I am not that woman. It must be someone else who is suffering. I could never withstand it.
Monika Zgustova, a Czech author based in Spain, gives voices to female former Gulag prisoners (and in one case, a woman imprisoned in a psychiatric hospital) in the surprisingly uplifting Dressed for a Dance in the Snow. The topic of women Gulag prisoners hasn’t historically gotten the same attention as that of their male counterparts, although there have been some extraordinarily powerful accounts to emerge, like Eugenia Ginzburg‘s remarkable two-part memoirs.
In another rare twist, this is translated nonfiction by a woman — and interestingly, Zguostova originally wrote it in Spanish, although I assume the interviews were conducted in Russian. I don’t know why I find this so fascinating, and I did wonder a bit about how so many linguistic leaps would come across but it reads beautifully.
Zgustova uses an oral history format to tell the stories of “nine intelligent, sensitive, and strong women… women who, in these interviews, relived their own lives and the lives of their friends, all rich in incident and experience.” Yes, fascinatingly, the women are incredibly keen to tell the stories of friends they made in and remember from the camps, sometimes even more than they want to tell their own often unlikely stories of survival. This might be because there was an unusual intensity to friendships forged in the Gulag:
Because the most horrible struggles led to the strongest of friendships. There’s no place for that kind of bond in normal life. It takes the most extreme situations to create that kind of love and solidarity.
These are the two themes that every story touches on in some way: survival, and the friendships that often saved them. It’s emotional, but resoundingly meaningful. Their lives and lived experiences are obviously different but hold many similarities thanks to these elements, and in the best of ways they blend together to give an overarching impression of how they’ve parsed meaning from their lives’ most terrible moments.
There’s more from the author herself here than in most oral histories, like what we see in Svetlana Alexievich‘s on Soviet topics, where the author’s presence is only felt through the questions she’s asked. Zgustova tells stories peripheral to the women’s narratives, and her observational writing opens their oral histories, providing context beginning with where she meets them. Her descriptions of their apartments, the food they serve her, the books in their living rooms and their partners in other rooms enhance their stories and underscore the aspect that each woman is subtly or overtly stressing: this is always about the life you build after you somehow survive unthinkable horrors. It’s about proving that that’s even possible.
Many reflect on Communism and what it was supposed to do versus how it played out in reality; not the promised “sea of goodness” spreading over the land but something much darker, sinister, secretive. Their individual stories highlight the insanity of some of the regime’s assumptions, like accusing one woman of having an affinity for the West before her birth because her grandmother hailed from abroad. Another had a relationship with an American marine stationed in the Soviet Union in the final year of the Second World War. She landed in the Gulag, pregnant, as punishment for the relationship after he was gone. He never knew although he’d tried to find her.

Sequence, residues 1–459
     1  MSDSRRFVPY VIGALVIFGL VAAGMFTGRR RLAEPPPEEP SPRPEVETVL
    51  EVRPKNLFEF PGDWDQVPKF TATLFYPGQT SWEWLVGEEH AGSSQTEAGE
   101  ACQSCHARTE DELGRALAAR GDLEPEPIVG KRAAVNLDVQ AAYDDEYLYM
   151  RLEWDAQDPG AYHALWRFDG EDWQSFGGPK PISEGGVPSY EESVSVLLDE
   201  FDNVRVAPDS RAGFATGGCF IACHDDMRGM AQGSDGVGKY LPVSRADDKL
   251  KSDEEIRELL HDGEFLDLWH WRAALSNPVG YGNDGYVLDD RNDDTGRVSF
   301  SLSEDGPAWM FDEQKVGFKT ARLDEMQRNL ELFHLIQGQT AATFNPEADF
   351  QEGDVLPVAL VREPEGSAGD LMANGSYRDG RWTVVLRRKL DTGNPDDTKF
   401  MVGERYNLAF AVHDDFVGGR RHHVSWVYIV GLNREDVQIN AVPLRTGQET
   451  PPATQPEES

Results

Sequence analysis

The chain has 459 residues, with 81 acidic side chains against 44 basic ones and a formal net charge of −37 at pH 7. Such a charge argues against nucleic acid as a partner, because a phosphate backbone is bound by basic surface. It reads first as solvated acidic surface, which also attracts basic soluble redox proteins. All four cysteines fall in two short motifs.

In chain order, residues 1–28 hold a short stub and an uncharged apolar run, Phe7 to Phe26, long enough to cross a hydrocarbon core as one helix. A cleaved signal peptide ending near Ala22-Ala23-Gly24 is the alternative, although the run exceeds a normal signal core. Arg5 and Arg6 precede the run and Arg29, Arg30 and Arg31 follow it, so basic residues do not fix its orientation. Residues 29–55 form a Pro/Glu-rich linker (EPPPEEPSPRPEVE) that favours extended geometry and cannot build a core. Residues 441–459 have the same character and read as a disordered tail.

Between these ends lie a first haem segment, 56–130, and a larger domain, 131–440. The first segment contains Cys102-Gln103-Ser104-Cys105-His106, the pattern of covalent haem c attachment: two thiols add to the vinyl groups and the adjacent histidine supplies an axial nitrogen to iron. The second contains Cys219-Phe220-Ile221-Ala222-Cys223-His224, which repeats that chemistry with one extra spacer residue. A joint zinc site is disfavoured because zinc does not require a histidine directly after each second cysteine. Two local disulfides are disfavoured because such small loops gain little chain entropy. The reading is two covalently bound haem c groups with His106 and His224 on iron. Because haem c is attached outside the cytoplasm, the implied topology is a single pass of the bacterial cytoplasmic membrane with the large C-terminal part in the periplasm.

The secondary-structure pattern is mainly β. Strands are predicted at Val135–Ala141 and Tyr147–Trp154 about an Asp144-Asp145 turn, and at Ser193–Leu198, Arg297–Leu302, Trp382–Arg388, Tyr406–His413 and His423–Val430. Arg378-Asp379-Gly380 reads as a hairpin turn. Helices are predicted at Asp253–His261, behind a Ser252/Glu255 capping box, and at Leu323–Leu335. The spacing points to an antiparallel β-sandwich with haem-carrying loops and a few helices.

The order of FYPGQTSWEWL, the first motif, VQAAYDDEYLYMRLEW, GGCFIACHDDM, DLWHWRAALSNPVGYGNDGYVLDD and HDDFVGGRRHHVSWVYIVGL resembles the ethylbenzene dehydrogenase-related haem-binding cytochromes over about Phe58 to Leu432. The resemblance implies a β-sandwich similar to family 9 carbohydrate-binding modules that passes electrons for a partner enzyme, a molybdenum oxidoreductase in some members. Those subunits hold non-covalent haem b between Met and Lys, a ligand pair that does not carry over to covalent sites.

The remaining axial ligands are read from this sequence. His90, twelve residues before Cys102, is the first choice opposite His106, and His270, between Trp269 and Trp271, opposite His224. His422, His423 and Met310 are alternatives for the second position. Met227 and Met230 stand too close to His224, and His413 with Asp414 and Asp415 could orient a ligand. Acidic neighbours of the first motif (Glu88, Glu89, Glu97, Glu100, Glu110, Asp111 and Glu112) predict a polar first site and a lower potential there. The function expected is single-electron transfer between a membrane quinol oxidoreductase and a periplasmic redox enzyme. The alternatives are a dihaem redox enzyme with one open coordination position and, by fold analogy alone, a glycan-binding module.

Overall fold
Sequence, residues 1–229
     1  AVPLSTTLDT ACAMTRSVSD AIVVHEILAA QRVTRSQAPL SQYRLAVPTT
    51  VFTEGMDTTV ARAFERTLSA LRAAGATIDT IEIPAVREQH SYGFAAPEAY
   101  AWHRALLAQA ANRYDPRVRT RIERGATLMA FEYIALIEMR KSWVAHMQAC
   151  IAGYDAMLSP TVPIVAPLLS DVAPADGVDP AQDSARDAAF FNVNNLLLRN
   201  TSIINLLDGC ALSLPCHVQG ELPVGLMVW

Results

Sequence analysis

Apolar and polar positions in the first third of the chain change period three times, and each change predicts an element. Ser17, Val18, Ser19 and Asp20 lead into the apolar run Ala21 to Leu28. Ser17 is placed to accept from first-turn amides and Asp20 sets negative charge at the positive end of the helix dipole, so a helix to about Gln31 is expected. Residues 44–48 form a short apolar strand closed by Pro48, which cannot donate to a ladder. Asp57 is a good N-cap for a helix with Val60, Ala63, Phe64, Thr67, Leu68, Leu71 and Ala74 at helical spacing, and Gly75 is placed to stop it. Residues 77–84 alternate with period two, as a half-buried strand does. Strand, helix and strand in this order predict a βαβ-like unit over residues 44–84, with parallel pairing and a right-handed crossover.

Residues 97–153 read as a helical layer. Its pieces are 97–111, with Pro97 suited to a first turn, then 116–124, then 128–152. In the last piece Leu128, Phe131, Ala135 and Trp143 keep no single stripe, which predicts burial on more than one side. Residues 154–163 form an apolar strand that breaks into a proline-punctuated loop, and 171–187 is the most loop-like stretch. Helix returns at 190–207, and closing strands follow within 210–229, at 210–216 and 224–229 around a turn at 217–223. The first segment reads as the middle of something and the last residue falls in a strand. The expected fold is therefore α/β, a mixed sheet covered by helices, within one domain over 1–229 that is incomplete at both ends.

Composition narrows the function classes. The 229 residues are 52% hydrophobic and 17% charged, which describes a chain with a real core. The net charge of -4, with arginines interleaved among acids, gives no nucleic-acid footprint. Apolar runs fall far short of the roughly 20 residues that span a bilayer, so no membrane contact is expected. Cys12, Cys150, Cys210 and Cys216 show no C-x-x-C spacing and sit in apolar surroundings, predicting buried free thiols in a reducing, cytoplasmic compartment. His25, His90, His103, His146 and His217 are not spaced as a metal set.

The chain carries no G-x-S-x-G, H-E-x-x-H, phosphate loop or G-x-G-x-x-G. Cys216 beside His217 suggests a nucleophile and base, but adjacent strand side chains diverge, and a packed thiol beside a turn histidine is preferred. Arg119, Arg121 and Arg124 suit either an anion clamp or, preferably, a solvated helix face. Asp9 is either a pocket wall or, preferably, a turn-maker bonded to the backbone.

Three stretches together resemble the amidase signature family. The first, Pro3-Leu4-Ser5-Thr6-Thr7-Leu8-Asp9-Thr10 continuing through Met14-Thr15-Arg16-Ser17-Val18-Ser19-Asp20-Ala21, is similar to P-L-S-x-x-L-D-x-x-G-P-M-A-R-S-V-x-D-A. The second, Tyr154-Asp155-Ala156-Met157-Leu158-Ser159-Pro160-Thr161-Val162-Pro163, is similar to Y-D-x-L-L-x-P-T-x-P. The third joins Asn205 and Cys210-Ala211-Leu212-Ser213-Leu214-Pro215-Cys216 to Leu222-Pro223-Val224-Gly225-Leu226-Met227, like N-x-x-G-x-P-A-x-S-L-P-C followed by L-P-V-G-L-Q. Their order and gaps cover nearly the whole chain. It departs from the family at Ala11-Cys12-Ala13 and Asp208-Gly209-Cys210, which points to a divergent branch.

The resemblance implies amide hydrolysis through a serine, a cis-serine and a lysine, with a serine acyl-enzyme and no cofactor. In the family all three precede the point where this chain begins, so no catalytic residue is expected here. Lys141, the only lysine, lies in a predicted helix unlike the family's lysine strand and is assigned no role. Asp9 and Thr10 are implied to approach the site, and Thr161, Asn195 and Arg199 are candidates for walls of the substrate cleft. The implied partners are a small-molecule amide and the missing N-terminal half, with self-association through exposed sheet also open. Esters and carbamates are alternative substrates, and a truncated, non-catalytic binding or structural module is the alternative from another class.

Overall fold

But despite this kind of senseless treatment, they see nuance in everything, even in their jailers. “In extreme conditions like that, one man can annihilate another with a single gesture or save his life just by giving him a kind look. I know, because I witnessed it.”
The book saves the most well-known prisoner for last, closing with Irina Emelyanova, “daughter of Olga Ivinskaya, Boris Pasternak’s last love and the inspiration for Lara” in Doctor Zhivago. Ivinskaya’s was a terrifying but not exactly uncommon ordeal in which the authorities wouldn’t persecute someone like Pasternak directly, per se, instead targeting his loved ones, specifically his mistress. It’s a moving, often surprising story.
This isn’t a light topic by any stretch, but there’s a worthwhile lesson here about lights in dark times, one that it’s always helpful to be reminded of. All of these stories deliver strong messages and don’t shy from emphasizing harsh conditions and details but neither do they wallow in them. Incredible, beautifully told stories about human nature in the darkest of circumstances.
Make an effort to ignore the filth. When spring comes, look at the shining snow, the blue sky, the contrast between light and darkness, which is enormous here. Now that it’s winter and the sun doesn’t come out, concentrate on the different shades of gray: some are blue gray; others are almost rose-colored. Don’t forget to look at the barbed wire and our pathetic huts as if you were taking a photograph, looking for the right shot. You’ll see that even in the midst of ugliness, it’s possible to find beauty.
Dressed for a Dance in the Snow:
Women’s Voices from the Gulag
by Monika Zgustova, translated from Spanish by Julie Jones
published February 4, 2020 by Other Press
I received an advance copy courtesy of the publisher for unbiased review.